Friday 17 April 2015

Herostratus (1967)

The main reason I came to watch 'Herostratus', other than liking the title and cover, is that it came out in the BFI Flipside series of DVD/Blu-ray dual format releases.  It's a run of obscure, interesting British films from the archives, forgotten marvels given a chance to shine again.  'The Bed-Sitting Room' (1969), which I very much enjoyed, was one such release, and on the basis of it and BFI's release of 'Winstanley' (1975), I find the line very encouraging.

Then, of course, there's the film's basic idea.  In short, a young man goes to an advertising agency to get maximum publicity for his act of suicide.  It's an unpleasantly interesting concept, grim, but ripe for satire and social commentary.  I'd say the film grapples with both of these, but fares less well as a drama or comedy.

So, we follow Max, the main character, as he approaches the advertising man Farson, a very sixties businessman who comes across like a Number 2 from the same year's psychedelic stand-out 'The Prisoner'.  Farson puts Max up in luxury and sets about publicising a sellably bland version of him to win public support.  The film then intercuts Max's reclusive days in a comfortable black void with archive footage of Ginsberg, Roosevelt, Churchill and Hitler, and juxtaposes sexy dancing with swirling offal, while making ironic comparisons between Max's herostratic desire for suicide and the conspicuous death of Jesus.

It feels like an investigation of ideas, rather than a narrative- or character-led piece.  A discussion, and quite a long one, at two-hours and forty minutes.  At times I wished the film would hurry itself along.  Perhaps I'm too impatient to really engage with this kind of art, or perhaps the film was making its point more slowly than necessary.  I'm inclined toward the latter, as the release also features director Don Levy's 'Time Is' (1964), which wants to wow its audience with the suggestion that time, as we understand it, is a human construct, a point that it makes quite effectively in the first five minutes, but persists with for another 25 - perhaps appropriate, given the content.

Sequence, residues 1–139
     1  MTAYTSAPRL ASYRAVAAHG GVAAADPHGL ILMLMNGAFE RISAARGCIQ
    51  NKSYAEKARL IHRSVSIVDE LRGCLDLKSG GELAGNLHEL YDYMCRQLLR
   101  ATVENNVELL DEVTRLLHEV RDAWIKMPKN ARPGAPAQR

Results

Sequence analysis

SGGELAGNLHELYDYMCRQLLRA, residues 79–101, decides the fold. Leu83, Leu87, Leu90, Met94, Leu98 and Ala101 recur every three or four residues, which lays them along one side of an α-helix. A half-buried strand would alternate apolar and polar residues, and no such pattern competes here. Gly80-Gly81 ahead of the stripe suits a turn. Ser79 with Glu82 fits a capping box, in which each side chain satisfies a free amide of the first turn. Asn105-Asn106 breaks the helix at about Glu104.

'Herostratus' has a chilling lack of glossiness, making it resemble Eastern and European films more than the American sort that I've come to think of as cinema's default.  The blood red and golden lighting, and the frequent cuts away to black, made me think of the then-recent Ukrainian movie 'Shadows of Forgotten Ancestors' (1964).  (I feel pretentious comparing this art-film you probably haven't heard of to another art-film you probably haven't heard of; I'm only aware of them because I'm doing this film-based blog, and have deliberately sought out some obscure items in the hope of finding treasure.  Somehow it feels like it would be more acceptable if I was doing this with novels, because everybody knows books have an inherent cultural value).

I didn't find a lot of pleasure in 'Herostratus'.  It interested me, but stretched that interest very thin, and I found myself wondering whether I have too much love for the easy comforts of commercial cinema to really get on with art films.  Or maybe I just didn't like this one.  Never mind.

P.S. Herostratus, if you're curious, was an ancient Ephesian who set fire to the Temple of Artemis (one of the Seven Wonders of the World) purely because he wanted to be famous for something.  It worked, and his name lives in infamy, as 'herostratic fame' today means fame at any cost, even fame for atrocities.  Anything to make one's name linger in the public mind.

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